Kristie Ferrantella ’12 Helps Nantucket Businesses Connect and Adapt During the Pandemic
I've worked for small companies, the federal government, and nonprofits, and my degree has helped me in all of these positions. Having a strong analytical mind helps you think creatively, which is exactly what the world needs in a time of a pandemic!
Kristie (Flaherty) Ferrantella ’12 is the President/CEO of the Nantucket Island Chamber of Commerce. The Chamber supports small businesses and is a regional tourism council for Massachusetts, promoting travel and tourism to the island and hosting signature events to attract visitors in the “off” season.
Ferrantella works to make Nantucket a more business-friendly town. “We typically host events to promote networking, career development, and business workshops, as well as large signature events such as Daffodil Festival Weekend and Nantucket’s Christmas Stroll Weekend,” says Ferrantella.
In Fall 2019, the Chamber launched the Center for Entrepreneurship, which provides resources and business connections tailored to the needs of Nantucket's unique market to support the successful launch and growth of new businesses.
“It's been amazing to see all the ideas that are generated on such a small island,” says Farrantella.
Then 2020 came along. COVID-19 has negatively impacted all businesses, and the hospitality industry has been hit especially hard. The majority of businesses on Nantucket rely on tourism. A website, Keep the Rock Solid, shares information to support Nantucket businesses.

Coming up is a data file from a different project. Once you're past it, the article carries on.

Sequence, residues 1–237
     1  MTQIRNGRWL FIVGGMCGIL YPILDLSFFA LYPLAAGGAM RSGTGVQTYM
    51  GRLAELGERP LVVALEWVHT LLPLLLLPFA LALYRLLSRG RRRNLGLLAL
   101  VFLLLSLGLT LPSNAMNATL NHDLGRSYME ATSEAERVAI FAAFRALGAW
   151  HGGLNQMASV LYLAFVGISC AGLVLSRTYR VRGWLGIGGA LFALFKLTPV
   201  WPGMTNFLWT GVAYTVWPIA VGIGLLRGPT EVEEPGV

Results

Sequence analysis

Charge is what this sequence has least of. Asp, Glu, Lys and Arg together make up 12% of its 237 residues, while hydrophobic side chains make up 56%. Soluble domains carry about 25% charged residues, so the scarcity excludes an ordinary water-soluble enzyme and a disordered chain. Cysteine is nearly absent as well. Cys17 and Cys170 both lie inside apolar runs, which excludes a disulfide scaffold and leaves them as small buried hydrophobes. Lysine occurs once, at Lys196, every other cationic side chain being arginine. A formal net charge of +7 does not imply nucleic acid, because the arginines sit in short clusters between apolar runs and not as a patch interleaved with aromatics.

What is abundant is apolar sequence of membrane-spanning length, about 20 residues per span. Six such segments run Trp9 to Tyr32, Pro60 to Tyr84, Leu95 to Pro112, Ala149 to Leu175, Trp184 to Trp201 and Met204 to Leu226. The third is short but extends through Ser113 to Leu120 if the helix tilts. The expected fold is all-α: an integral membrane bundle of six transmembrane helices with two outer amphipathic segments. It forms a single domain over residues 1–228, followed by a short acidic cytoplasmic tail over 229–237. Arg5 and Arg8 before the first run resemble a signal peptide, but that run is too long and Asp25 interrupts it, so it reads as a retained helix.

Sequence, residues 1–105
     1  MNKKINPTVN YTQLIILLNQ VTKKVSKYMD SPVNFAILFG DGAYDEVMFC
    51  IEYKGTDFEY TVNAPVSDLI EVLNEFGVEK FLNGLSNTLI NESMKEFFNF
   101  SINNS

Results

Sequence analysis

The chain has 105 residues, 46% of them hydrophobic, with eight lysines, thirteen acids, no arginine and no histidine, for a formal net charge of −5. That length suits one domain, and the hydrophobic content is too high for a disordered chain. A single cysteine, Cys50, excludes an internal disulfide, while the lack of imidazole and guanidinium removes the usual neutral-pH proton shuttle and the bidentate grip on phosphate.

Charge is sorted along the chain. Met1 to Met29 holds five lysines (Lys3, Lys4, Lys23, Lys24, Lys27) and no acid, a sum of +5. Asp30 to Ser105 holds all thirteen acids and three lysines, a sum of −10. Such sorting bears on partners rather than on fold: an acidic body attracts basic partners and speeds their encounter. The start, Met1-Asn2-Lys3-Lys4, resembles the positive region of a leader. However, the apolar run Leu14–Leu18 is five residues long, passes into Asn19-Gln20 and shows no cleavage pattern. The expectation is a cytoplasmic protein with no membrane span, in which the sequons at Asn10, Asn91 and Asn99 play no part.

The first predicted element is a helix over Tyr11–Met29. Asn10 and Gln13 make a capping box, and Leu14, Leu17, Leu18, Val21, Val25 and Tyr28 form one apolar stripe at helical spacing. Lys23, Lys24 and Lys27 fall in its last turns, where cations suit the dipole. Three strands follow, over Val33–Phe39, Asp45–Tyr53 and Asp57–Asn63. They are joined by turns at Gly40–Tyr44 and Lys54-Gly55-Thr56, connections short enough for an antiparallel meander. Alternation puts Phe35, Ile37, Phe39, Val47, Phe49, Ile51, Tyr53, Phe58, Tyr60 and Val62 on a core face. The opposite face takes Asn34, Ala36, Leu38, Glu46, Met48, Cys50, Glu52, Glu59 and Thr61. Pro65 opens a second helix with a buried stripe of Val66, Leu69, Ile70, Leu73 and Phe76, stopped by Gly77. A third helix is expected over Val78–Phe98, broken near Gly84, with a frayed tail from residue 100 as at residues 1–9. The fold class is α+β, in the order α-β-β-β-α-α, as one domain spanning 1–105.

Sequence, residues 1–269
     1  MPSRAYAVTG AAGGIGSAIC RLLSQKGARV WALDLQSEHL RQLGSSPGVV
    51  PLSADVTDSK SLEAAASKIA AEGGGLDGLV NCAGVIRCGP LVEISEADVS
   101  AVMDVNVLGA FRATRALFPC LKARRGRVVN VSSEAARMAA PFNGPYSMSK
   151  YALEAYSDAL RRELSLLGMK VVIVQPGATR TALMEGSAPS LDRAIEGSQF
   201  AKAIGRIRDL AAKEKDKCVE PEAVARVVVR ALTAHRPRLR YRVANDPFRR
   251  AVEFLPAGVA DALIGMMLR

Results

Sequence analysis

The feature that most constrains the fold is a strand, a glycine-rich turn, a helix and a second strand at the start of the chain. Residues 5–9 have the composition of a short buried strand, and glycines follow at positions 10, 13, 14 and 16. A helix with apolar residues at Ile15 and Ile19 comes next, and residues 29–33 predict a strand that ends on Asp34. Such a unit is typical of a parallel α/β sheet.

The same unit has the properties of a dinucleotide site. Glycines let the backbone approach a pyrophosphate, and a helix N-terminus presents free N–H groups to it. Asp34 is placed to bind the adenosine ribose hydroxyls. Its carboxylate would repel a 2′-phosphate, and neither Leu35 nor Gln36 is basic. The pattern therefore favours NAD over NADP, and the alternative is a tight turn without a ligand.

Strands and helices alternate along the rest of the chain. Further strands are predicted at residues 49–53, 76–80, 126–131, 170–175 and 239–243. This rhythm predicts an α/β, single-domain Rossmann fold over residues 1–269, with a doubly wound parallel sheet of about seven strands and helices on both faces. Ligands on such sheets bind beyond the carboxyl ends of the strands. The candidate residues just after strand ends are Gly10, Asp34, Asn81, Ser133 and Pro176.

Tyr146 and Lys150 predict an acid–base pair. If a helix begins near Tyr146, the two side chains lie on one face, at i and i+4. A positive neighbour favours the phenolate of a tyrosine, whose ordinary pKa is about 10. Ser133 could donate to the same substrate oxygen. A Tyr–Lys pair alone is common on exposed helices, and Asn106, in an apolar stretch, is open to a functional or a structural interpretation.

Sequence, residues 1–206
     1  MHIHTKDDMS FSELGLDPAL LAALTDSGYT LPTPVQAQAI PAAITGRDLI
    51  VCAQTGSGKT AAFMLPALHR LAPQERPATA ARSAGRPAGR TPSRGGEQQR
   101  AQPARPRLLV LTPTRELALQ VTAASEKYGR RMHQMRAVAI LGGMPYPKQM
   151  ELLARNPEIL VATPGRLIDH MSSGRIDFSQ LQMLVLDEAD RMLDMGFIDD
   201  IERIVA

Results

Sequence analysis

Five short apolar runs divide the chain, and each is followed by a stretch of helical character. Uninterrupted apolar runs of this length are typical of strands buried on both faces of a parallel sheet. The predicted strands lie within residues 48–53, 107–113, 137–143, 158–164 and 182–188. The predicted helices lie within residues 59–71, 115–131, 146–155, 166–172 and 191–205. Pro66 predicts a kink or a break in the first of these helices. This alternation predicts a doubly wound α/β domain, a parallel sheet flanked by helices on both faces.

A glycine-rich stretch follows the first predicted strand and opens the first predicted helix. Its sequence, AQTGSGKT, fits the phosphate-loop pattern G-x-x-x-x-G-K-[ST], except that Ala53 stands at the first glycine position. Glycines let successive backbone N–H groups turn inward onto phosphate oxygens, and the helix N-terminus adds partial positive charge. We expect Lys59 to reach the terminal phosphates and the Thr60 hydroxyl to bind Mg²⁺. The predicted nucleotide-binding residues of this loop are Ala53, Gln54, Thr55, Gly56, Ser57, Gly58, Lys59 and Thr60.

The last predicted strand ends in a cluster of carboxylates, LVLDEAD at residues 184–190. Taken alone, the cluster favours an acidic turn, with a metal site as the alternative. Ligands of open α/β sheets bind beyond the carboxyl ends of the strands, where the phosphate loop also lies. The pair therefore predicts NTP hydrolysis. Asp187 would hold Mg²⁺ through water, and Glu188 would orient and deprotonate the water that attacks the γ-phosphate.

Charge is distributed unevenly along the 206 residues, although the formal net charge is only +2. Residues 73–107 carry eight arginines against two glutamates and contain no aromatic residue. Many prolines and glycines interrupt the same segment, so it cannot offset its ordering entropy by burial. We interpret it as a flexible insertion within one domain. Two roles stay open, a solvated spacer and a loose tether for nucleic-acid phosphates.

“The Chamber has had to adapt to our new normal,” says Ferrantella. “We quickly adapted to being a resource base for small businesses in this time of uncertainty. We held virtual workshops and created both a radio and TV show to help businesses learn about resources and federal funding options, as well as to showcase how other businesses had pivoted to succeed.”
This ability to pivot can lead to discovery. “I majored in economics and mathematics because I was intrigued by the Great Recession that was just beginning during my time at Simmons,” Ferrantella recalls. “I also love statistics because it provided stories to numbers.”
The skills students are currently learning to cope with the new normal will serve them well in the long run, as will their degree.
“Students who major in math, computer science, and statistics can truly find a job anywhere,” says Ferrantella. “I've worked for small companies, the federal government, and nonprofits, and my degree has helped me in all of these positions. Having a strong analytical mind helps you think creatively, which is exactly what the world needs in a time of a pandemic!”